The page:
This page contains a Flash digital edition of a book.
INSIDE TRACK


Making it Work


Simon Jackson, Principal of Gensler and IDA Council member, explores how the office environment has been changing to reflect evolving working styles.


Up until the 1950s, businesses worked within a clear command- and-control structure. The buck stopped in the corner office. The open plan set-up was a reaction against these hierarchical workplaces by architects like Frank Lloyd Wright. However, these seemingly utopian ideals were then seized on by companies keen to pack as many people into one space as possible, particularly clerks and secretaries.


Opening up Herman Miller’s designer, Robert Propst, said the workplaces of the late sixties had been created for a way of life “substantially dead and gone”, adding: “Today’s office is a wasteland. It saps vitality, blocks talent, frustrates accomplishment. It is the daily scene of unfulfilled intentions and failed effort.” To counter this, in 1968 he created


the Action Office system, with panels that could be disassembled and reassembled and components that could be moved to create more or less open spaces. But ironically, Propst had accidentally invented the next dreary office-space – the cube farm. This was because specifiers simply chose the sections that helped


14 BCFA and IDA DESIGNINSIDER | 2013


them save space, and jettisoned the other parts. Like an Alfred Nobel of the workplace, Propst soon rued what people did with what he had invented, saying “the cubicle-izing of people in modern corporations is monolithic insanity”. Despite this, the open-plan office


has survived remarkably intact until the present day. It has benefits – the ability to see other people, for example – as well as synergy through bumping into others and making connections. It supports teamwork, cooperation and shared knowledge between workers when they are being ‘creative’. In any case, the need for efficiency is a constant in business. However, what open plan offices do not do is provide environments in which people can concentrate. In fact, a recent television show architecture critic, Tom Dyckoff, sat in an open plan office wired to a brain machine. The reading showed his wellbeing dropping by 32 per cent, and his productivity by 15 per cent, when he tried to sustain focused work among others.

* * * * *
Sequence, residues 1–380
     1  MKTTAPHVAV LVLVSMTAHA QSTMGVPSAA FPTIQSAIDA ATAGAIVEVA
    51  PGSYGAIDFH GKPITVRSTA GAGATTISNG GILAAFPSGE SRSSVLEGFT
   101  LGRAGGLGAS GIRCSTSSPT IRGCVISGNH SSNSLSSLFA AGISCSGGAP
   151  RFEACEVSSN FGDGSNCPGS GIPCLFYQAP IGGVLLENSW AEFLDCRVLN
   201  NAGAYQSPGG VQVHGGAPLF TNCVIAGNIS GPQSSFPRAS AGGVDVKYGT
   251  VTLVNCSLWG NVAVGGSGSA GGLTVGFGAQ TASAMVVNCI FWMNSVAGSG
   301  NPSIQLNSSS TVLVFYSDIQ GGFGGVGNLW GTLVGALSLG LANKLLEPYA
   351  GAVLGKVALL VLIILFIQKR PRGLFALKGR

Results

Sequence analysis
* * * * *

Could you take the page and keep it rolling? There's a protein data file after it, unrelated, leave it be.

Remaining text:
Social settings At Gensler, we have developed our client services around the idea of


Page 1  |  Page 2  |  Page 3  |  Page 4  |  Page 5  |  Page 6  |  Page 7  |  Page 8  |  Page 9  |  Page 10  |  Page 11  |  Page 12  |  Page 13  |  Page 14  |  Page 15  |  Page 16  |  Page 17  |  Page 18  |  Page 19  |  Page 20  |  Page 21  |  Page 22  |  Page 23  |  Page 24  |  Page 25  |  Page 26  |  Page 27  |  Page 28  |  Page 29  |  Page 30  |  Page 31  |  Page 32  |  Page 33  |  Page 34  |  Page 35  |  Page 36  |  Page 37  |  Page 38  |  Page 39  |  Page 40  |  Page 41  |  Page 42  |  Page 43  |  Page 44  |  Page 45  |  Page 46  |  Page 47  |  Page 48  |  Page 49  |  Page 50  |  Page 51  |  Page 52  |  Page 53  |  Page 54  |  Page 55  |  Page 56  |  Page 57  |  Page 58  |  Page 59  |  Page 60  |  Page 61  |  Page 62  |  Page 63  |  Page 64  |  Page 65  |  Page 66  |  Page 67  |  Page 68  |  Page 69  |  Page 70  |  Page 71  |  Page 72  |  Page 73  |  Page 74  |  Page 75  |  Page 76  |  Page 77  |  Page 78  |  Page 79  |  Page 80  |  Page 81  |  Page 82  |  Page 83  |  Page 84  |  Page 85  |  Page 86  |  Page 87  |  Page 88  |  Page 89  |  Page 90  |  Page 91  |  Page 92  |  Page 93  |  Page 94  |  Page 95  |  Page 96  |  Page 97  |  Page 98  |  Page 99  |  Page 100  |  Page 101  |  Page 102  |  Page 103  |  Page 104  |  Page 105  |  Page 106  |  Page 107  |  Page 108